Reports of telcos lobbying Congress for a two-tiered Internet are making the rounds again, but this time they are increasingly to the tune of IPTV. Telcos like AT&T and BellSouth argue that since they're paying so much for fiber-optic network deployments, their IPTV and VoIP (in some cases) services should have priority over the competition's offerings. The telcos claim that standard Internet service brings QoS problems for IPTV because it has little to no prioritization of packets. The two tiered solution aims to iron these problems out.
Boston Globe: The telcos basic fear, of course, is that the end-to-end design of the Net will erode the telcos ability to use service charges to generate revenue for delivering video and voice; the proposed solution is to break end-to-end in order to protect pricing leverage over the users.
BoingBoing: What the telcos are really saying is: "We like everything about the Internet, except the way it keeps us from locking out the competition, so we want something just like the Net, except less useful to the user, but with more pricing power for us."
Techdirt: Although it's understandable that a telco should be able to offer QoS for VoIP and IPTV, there is no reason for increased QoS, especially as Internet speeds increase. VoIP does not take up that much bandwidth, and claiming VoIP needs prioritization means one of two things: the VoIP solution was poorly programmed or the telcos are looking to block out competitors. Which is more likely? Increase the bandwidth, telcos.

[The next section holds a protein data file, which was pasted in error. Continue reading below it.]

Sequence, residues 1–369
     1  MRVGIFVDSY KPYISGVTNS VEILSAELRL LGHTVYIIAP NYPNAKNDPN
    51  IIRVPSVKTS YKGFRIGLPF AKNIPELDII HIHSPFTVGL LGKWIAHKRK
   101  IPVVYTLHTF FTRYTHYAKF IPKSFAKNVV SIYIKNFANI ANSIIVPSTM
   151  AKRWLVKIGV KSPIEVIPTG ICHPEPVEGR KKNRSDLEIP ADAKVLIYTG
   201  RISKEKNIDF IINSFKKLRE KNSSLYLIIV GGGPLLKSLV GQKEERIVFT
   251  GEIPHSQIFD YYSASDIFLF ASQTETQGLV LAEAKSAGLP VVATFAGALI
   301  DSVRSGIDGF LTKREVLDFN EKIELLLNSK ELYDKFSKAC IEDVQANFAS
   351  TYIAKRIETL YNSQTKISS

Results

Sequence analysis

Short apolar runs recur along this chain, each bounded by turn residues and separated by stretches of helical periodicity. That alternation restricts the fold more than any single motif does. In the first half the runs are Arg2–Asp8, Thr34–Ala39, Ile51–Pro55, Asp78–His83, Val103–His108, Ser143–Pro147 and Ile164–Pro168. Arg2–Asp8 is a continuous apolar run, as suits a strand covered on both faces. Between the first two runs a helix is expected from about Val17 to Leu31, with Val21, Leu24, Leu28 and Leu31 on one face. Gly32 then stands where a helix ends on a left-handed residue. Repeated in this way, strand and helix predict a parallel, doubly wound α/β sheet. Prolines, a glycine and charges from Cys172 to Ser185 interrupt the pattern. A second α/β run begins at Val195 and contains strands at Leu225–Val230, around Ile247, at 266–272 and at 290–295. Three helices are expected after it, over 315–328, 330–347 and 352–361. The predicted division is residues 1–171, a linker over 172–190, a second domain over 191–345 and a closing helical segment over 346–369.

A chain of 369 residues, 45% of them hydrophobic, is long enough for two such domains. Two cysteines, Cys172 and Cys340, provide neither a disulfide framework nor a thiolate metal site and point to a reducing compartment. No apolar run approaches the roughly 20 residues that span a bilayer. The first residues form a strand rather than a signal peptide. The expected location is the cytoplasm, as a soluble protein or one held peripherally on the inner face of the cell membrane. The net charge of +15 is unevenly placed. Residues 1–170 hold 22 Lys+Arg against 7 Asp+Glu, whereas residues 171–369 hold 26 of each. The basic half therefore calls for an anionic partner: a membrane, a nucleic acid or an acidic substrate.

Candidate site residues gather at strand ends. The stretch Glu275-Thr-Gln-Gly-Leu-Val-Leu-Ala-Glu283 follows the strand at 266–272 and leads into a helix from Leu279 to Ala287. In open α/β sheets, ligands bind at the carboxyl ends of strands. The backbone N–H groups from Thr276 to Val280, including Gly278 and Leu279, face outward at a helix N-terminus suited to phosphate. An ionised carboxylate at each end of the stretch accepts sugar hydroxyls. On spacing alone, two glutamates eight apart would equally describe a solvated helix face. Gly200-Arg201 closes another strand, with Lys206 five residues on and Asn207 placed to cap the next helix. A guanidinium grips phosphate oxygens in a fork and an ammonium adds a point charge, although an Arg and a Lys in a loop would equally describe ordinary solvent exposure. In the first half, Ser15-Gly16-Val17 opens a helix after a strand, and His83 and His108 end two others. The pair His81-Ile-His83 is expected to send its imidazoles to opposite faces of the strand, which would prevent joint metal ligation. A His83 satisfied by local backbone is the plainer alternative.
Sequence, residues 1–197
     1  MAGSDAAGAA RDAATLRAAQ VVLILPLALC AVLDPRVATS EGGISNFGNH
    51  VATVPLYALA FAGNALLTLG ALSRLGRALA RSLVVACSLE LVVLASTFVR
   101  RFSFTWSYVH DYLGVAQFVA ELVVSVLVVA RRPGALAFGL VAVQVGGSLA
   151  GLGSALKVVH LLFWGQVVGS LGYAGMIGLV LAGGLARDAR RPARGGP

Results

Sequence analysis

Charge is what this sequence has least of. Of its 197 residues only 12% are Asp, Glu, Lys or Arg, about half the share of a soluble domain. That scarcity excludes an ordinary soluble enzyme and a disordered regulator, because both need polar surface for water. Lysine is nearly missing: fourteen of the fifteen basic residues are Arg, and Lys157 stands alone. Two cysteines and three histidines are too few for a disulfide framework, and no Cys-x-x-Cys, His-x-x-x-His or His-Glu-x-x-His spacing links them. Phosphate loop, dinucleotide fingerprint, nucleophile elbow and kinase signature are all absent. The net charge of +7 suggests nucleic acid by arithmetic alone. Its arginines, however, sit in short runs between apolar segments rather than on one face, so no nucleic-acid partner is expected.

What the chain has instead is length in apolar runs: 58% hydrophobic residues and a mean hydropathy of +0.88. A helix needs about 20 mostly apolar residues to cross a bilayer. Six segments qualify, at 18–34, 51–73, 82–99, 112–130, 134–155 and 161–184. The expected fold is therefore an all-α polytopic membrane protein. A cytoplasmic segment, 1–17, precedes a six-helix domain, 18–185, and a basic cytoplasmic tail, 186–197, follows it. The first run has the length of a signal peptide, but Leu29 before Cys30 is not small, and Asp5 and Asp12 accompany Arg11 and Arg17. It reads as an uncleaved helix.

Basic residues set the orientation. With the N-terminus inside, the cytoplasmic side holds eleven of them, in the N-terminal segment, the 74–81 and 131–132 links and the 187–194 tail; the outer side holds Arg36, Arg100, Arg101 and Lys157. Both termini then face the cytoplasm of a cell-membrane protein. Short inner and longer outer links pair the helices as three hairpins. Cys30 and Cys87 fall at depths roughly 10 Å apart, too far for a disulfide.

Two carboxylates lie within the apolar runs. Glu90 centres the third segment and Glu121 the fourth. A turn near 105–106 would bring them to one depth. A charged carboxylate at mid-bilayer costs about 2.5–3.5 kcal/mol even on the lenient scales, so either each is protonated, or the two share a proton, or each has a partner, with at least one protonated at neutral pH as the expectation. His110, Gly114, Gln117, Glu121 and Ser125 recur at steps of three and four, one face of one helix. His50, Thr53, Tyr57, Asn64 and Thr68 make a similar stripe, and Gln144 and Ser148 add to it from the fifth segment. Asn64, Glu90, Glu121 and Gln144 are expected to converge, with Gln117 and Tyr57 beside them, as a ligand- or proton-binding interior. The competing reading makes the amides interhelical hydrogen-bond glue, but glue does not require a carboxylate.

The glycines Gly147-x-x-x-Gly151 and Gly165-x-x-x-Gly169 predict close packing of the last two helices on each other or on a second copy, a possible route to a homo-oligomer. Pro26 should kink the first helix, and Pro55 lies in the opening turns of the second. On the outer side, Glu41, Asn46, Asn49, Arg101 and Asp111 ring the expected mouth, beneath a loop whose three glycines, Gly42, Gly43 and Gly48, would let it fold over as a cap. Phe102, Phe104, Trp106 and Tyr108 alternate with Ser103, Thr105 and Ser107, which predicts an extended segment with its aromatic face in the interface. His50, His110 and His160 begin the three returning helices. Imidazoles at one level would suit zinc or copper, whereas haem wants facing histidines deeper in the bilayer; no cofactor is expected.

Recently SBC (pre-merger) CEO Ed Whitacre made the infamous comment: "They use my lines for free--and that's bull. For a Google or a Yahoo! or a Vonage or anybody to expect to use these pipes for free is nuts!" The telcos' lobbyists are going head-to-head with lobbyists from Internet megaliths like Google and Yahoo!. If telcos were somehow able to swing the two-tiered system, they would be uniquely positioned to offer services like search and email at a much faster speed and with richer features than those of rivals, which telcos could make run over the slower Internet tier.
For more on the two-tiered Internet proposal:
- take a look at this article from the Boston Globe